Stretching from meeting points with Hackney and Newham along the River Lea to Greater London’s boundary with Essex, Waltham Forest is very much one of the boroughs of two different halves. The split feels psychologically as well as spatially defined by the sweep of the A406 North Circular road: the part to the north has long been associated with the values as well as the physical landscapes of suburbia, while much of southern Waltham Forest has an increasingly Inner London flavour, as demographic change and gentrification make their marks.
Waltham Forest was designated an Olympic borough – subsequently a “growth borough” – and has an outlying section of the 2012 Olympic Park, Eton Manor, within its territory. Its council’s leader, Clare Coghill, has sought to harness the forces of change flowing her borough’s way rather than try to resist them – changes which, for the most part, have helped strengthen the position of Labour in all kinds of recent elections. Even Tory strongholds in the geographically smaller “Essex” parts of the borough have become susceptible to Labour’s advance.
The London borough was formed from the old municipal boroughs of Chingford, Walthamstow and Leyton. During the 1920s, the London County Council’s chief architect, George Topham Forrest, described the latter two areas, along with Leytonstone, as part of a “suburban dormitory for clerks and workmen” with many long, terraced streets as well as quite a lot of industry. By contrast, Chingford, its subdivisions and immediate neighbours, which spread comfortably to the north of the North Circular, developed at far lower densities during the interwar decades, and contains plenty of detached houses.
During Margaret Thatcher’s years as Prime Minister, the Chingford parliamentary constituency was famously held by Norman Tebbit, one of her most astute and combative ministers. Tebbit’s successor was and continues to be arch Eurosceptic Iain Duncan Smith. It is, perhaps, a further measure of Waltham Forest’s split personality that the borough as a whole voted 59 per cent to Remain in the European Union in the 2016 referendum, almost exactly as London as a whole did. The Liberal Democrats have had no electoral success in the borough since 2010, but will hope to revive their fortunes in some wards.
Other major roads through the borough include the A104 Lea Bridge Road, which spears through it from Hackney to the North Circular, and the A106 and A12, which run in parallel towards the M11. Walthamstow Central is the northernmost station of the Victoria Line and also a stop on the London Overground line linking Chingford with Liverpool Street. Walthamstow bus station is across the road from it.
The Central Line serves Waltham Forest too, with stops at Leyton and Leytonstone. In 2016, the Lea Bridge station was reopened, easing journeys to Stratford shopping city to the east and the Tottenham Hale rail interchange to the west, and providing a further spur to residential and other development at the eastern entry point to the borough.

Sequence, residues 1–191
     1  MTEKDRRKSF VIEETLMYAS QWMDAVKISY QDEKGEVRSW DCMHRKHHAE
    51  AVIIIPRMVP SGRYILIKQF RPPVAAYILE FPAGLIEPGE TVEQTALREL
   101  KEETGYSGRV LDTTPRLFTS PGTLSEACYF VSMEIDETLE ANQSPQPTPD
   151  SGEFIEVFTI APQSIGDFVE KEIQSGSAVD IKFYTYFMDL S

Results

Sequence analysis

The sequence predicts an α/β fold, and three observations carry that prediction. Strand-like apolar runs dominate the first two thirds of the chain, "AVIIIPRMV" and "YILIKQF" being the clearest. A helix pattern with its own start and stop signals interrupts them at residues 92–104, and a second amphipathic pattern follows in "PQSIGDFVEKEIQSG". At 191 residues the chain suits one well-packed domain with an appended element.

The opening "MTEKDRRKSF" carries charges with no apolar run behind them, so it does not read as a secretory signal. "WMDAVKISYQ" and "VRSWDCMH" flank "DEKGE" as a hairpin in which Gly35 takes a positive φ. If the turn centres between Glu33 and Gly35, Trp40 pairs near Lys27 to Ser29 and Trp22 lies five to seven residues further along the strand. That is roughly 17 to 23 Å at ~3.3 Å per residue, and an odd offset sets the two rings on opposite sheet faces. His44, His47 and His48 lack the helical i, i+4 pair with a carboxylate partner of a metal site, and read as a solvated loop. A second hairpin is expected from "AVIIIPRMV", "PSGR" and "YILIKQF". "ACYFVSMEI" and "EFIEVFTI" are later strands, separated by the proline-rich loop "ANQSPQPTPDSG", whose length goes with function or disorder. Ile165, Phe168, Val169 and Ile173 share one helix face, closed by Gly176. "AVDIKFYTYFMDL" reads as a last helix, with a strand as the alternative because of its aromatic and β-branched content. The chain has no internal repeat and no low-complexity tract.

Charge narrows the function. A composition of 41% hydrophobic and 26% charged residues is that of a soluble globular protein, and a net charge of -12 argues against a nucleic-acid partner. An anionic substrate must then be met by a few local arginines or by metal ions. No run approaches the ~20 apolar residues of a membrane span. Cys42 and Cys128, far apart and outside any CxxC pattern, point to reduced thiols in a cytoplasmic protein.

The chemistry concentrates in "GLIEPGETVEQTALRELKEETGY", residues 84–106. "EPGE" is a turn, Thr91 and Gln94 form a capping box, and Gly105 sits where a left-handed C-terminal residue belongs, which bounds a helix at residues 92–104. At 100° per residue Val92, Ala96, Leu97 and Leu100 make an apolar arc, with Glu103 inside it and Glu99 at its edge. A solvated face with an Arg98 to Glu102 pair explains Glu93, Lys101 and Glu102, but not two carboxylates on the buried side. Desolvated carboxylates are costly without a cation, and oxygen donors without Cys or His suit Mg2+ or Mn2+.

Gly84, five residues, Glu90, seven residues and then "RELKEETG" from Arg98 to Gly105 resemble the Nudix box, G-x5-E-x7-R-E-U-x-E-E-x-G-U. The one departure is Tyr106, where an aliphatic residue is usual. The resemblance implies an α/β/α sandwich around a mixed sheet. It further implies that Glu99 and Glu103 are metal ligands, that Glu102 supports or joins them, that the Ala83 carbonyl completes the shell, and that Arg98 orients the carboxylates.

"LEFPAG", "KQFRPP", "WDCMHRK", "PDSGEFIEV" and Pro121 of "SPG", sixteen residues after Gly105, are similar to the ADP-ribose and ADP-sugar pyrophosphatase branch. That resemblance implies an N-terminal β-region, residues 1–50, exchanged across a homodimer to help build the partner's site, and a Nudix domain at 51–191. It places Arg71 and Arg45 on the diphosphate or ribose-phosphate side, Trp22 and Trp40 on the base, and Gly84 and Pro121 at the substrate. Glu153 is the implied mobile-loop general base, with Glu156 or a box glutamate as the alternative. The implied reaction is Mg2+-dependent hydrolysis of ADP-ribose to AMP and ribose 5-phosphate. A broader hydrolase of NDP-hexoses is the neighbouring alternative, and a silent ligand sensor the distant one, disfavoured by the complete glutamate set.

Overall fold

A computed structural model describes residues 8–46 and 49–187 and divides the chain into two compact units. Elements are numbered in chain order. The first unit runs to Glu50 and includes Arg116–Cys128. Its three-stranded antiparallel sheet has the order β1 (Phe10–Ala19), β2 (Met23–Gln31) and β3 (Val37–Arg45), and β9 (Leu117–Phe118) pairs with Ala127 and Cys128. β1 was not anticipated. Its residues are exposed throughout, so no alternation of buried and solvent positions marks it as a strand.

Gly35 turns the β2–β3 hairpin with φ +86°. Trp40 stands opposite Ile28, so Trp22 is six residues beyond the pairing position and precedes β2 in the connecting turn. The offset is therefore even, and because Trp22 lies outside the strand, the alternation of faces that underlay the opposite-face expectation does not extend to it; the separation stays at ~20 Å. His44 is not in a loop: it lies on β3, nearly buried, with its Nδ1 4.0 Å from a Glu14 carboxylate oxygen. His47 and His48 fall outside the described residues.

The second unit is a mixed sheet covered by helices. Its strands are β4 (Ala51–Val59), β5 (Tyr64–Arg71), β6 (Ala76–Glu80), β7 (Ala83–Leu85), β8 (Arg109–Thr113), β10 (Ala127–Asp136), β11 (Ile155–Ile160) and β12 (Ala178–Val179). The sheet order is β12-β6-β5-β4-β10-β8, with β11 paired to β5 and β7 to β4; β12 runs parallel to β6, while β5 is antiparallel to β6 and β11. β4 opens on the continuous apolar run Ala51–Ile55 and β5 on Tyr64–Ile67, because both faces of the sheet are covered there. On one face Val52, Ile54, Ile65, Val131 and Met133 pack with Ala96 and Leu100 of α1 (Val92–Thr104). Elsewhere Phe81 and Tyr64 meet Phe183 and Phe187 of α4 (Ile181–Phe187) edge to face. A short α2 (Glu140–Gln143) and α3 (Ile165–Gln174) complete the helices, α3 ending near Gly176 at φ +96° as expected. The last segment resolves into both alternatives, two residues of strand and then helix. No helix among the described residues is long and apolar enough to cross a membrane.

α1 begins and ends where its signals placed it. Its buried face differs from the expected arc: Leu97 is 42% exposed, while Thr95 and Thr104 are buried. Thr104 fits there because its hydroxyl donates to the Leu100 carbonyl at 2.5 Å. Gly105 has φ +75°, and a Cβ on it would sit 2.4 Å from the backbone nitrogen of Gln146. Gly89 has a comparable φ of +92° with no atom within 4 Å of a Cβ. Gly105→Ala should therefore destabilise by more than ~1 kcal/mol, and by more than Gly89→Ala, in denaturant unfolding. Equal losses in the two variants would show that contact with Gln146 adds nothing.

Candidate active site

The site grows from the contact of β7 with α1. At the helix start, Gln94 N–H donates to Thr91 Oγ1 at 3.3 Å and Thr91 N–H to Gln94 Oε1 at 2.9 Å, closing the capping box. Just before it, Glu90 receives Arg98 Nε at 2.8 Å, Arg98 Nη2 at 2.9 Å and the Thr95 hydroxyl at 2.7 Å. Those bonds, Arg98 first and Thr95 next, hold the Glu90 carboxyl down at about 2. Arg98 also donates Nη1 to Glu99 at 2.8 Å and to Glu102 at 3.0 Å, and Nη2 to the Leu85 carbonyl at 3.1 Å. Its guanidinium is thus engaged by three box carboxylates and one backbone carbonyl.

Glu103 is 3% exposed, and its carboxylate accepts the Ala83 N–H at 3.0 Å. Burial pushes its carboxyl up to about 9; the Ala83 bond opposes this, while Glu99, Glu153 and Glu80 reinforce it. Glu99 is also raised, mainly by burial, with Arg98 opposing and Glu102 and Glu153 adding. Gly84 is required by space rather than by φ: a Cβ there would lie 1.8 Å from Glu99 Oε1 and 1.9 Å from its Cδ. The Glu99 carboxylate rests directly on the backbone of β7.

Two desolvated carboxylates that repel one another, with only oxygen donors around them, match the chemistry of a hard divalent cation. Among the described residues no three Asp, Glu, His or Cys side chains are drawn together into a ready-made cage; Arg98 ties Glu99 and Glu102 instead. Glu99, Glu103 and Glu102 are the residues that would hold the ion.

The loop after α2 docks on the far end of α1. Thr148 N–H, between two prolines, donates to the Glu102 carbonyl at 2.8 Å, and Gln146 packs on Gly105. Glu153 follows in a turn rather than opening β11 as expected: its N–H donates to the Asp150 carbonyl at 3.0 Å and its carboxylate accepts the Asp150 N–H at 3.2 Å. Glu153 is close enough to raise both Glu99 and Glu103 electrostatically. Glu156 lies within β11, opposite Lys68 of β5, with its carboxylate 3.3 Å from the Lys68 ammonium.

The positive embrace of change by Clare Coghill’s administration has not come without its regeneration tensions. Neighbourhood activists, including some from the Corbynite and extra-parliamentary Left, have protested against redevelopment plans for Walthamstow Town Square and its shopping mall because they include tall buildings and some public land being sold to developers.
A different kind of resistance was mounted, prior to Coghill becoming leader, to one of Boris Johnson’s Transport for London-funded local cycling infrastructure schemes. Some welcomed it as a victory for sustainable active travel and a more salubrious “liveable” environment, but others saw it as catering at their expense to the lifestyles of gentrifying middle-class incomers, of whom there are increasing numbers. Not for nothing have estate agents declared the Blackhorse neighbourhood a “village”.
The council’s policies actively encourage cultural activity, including the provision of workspaces for artists and the nurturing of the local night time economy. Waltham Forest was named London Borough of Culture for 2019 by Sadiq Khan, making it the first borough to have that honour bestowed. The River Lee Valley Regional Park occupies much of the borough’s western and southern boundary areas and includes Walthamstow Marshes.
The borough’s eastern edge is covered almost entirely by Epping Forest. But for many, its crowning cultural glory is its stunning Grade II-listed Portland stone Town Hall in Forest Road (pictured above), designed and built by Philip Dalton Hepworth between 1937 and 1941. It and its adjacent public buildings stand in handsome landscaped grounds, complete with fountain. Waltham forest is worth visiting for this glory of London civic architecture alone.
WALTHAM FOREST PEOPLE
The population of Waltham Forest is an estimated 283,500. Average pay is just over £25,859 a year and the poverty rate is 28 per cent, according to the most recent Trust for London Poverty Profile.